Healthcare is one of the industries predicted to be hit the hardest. According to reports, the United States will need to hire 2.3 new healthcare workers by 2025 just to provide adequate care for our aging population. Guess who works in healthcare? Women have traditionally been the majority of workers in this industry, especially in lower paying roles. If more women are leaving the workforce, employers’ talent pool will shrink even further.

Companies must act now to mitigate the gender inequality associated both with working from home and having a lack of affordable and accessible childcare options. This means employers need to increase support for flexible working schedules, healthy work lifestyles, job security and paid sick leave, according to Yale News.

Ways to Help All Working Parents Succeed

Start a Resource Group Run by Parents. 

According to Benefits Pro, forming a resource group is one of the best strategies to support working parents. Direct the resource group to develop benefits specifically for working parents. The group should be able to share what their biggest pain point is and how the company can help solve it. This could mean providing more childcare benefits, reimbursements, tutoring services and sabbaticals. The solutions should use the right HR partners and include strategies for the long term.

Lead by Example. 

Beyond benefits, encourage leaders to share how they are working while their kids are at home. Benefits Pro suggests sharing stories and challenges is a powerful tool. It lets employees know everyone is in this together; we’re all struggling and that’s okay.

Restructure Your Meeting Schedule.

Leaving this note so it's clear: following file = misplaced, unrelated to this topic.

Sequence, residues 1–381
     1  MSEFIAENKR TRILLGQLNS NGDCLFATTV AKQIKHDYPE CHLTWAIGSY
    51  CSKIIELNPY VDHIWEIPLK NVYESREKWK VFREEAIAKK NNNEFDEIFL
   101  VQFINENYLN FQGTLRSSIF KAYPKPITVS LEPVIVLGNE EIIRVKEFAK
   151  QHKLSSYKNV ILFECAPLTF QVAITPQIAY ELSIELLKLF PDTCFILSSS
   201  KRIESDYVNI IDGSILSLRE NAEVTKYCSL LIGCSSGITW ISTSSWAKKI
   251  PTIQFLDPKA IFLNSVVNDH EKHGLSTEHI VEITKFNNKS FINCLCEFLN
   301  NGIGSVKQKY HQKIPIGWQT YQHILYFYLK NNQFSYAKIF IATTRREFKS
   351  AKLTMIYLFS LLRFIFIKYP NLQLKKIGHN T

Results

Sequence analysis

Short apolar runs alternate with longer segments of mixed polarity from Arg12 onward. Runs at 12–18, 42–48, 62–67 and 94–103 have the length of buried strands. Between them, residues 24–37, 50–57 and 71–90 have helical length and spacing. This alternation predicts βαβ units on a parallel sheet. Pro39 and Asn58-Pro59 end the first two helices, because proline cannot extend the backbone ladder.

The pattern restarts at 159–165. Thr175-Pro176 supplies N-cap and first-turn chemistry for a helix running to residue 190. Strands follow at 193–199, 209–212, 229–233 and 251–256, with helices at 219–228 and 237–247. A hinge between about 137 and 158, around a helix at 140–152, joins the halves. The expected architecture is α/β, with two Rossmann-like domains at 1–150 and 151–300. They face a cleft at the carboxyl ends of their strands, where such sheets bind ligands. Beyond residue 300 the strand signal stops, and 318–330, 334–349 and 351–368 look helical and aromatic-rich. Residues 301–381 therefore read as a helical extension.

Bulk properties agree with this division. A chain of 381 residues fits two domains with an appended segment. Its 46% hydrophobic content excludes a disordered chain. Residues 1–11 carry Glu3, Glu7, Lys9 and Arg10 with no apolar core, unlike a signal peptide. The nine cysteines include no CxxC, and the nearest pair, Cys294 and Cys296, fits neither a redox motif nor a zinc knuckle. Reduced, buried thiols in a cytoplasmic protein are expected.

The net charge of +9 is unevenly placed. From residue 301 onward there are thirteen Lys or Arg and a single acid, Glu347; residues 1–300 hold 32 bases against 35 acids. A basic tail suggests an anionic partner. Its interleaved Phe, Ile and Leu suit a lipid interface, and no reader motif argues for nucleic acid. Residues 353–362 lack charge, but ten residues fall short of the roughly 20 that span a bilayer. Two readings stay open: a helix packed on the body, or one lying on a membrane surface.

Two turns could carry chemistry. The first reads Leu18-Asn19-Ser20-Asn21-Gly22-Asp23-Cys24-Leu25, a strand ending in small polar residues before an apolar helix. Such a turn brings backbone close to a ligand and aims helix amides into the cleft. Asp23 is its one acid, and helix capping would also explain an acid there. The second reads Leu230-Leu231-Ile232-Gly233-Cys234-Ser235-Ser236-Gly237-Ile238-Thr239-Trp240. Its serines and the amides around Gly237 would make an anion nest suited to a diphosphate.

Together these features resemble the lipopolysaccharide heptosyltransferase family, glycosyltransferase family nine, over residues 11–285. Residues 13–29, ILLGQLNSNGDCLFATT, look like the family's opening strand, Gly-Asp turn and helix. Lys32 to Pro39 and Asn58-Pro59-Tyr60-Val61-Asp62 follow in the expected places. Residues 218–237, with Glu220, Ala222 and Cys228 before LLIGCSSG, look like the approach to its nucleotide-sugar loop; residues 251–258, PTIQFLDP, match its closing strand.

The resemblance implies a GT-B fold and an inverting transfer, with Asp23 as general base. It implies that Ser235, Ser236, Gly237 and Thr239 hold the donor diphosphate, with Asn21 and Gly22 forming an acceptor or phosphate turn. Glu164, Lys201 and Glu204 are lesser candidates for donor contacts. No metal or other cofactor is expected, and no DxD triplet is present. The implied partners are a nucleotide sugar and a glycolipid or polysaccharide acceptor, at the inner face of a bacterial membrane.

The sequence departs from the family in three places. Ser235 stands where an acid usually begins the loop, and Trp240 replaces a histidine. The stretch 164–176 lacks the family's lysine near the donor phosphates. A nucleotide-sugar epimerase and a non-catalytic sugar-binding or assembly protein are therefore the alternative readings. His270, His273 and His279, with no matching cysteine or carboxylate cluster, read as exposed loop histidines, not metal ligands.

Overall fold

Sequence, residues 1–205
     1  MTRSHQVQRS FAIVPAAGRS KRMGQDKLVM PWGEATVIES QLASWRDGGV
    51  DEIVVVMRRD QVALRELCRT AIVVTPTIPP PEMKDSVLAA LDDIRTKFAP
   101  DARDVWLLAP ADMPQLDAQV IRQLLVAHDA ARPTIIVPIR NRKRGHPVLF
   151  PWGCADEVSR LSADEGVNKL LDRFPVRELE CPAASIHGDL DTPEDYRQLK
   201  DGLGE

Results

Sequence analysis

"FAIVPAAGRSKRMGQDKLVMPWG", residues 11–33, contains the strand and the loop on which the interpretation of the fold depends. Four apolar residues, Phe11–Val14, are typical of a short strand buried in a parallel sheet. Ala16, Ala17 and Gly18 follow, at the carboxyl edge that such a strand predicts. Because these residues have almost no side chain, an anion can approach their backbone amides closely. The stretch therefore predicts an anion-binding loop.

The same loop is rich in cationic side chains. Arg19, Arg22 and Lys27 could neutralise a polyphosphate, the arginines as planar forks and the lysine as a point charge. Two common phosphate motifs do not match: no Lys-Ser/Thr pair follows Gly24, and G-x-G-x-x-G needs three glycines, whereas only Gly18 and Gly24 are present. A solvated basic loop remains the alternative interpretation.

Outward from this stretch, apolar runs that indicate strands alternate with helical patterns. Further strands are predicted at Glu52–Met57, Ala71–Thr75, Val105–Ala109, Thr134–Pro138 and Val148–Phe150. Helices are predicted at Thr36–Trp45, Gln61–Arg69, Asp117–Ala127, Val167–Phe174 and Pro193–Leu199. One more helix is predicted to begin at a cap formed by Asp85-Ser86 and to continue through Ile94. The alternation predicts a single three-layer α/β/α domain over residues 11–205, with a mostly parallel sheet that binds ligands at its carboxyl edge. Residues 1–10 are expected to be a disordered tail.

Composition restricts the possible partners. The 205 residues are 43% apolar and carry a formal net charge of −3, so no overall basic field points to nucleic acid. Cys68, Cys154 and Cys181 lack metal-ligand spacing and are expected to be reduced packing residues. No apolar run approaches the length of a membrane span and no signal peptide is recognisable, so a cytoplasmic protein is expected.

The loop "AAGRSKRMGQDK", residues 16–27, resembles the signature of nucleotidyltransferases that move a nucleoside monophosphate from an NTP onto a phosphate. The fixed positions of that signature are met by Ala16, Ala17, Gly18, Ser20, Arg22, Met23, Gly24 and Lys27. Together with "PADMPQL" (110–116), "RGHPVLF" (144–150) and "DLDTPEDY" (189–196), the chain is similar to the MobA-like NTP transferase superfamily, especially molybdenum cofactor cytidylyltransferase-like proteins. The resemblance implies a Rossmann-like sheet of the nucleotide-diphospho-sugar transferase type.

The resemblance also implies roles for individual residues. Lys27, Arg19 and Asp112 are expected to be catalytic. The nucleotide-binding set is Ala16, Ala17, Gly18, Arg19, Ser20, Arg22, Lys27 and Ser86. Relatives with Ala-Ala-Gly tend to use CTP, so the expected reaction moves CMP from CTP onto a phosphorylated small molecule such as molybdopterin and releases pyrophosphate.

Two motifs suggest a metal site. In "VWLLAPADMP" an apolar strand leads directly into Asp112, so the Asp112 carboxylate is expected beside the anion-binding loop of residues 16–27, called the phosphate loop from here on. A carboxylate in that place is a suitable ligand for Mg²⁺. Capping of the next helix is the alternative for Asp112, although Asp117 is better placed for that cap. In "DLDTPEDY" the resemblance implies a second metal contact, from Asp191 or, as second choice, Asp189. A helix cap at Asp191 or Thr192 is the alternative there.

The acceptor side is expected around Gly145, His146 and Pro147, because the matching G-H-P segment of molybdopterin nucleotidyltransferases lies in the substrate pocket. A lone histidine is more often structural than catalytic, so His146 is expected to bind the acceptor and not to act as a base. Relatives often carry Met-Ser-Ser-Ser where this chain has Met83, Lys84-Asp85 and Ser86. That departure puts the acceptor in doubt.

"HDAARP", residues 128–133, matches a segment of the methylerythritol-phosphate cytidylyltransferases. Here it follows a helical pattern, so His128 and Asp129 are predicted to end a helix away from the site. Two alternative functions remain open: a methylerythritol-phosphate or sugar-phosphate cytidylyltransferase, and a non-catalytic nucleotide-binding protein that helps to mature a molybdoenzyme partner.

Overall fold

Jumping into last-minute meetings is hard when everyone is in the same building, but it’s nearly impossible when some or all employees are working from home. Meetings require more time and effort beyond their scheduled time, so consider the pre- and post-work involved. Forbes suggests reducing meetings to 30 minutes and using 15-minute standups for construction and manufacturing locations. Managers should also prioritize attendance to be respectful of everyone’s time.

Get Flexible with Flex Time. 

Flex time was important before the pandemic and is even more so now. Flex time is defined as compressed schedules, temporarily working part-time and working non-traditional hours like early in the morning, through lunch and at night. Benefits Pro suggests encouraging employees to block out when they’re available and unavailable on calendars.

Employers cannot wait for things to return to normal. There is no more normal. Women are being affected by the pandemic now, and that has a significant impact on them, their families and the overall economy. Employment rates for mothers of young children remain far below their pre-pandemic levels, the lowest of any group in the labor force, according to the New York Times. Getting kids back in school will help but it isn’t the solution either as a full re-opening may not happen this fall. Set a deadline to form a resource group and make policy and program changes now to support your working moms and dads.

Want to read more about the impact of COVID-19 on women? Check out our blog: As Construction Industry Bounces Back, will Women Come Back to the Jobsite?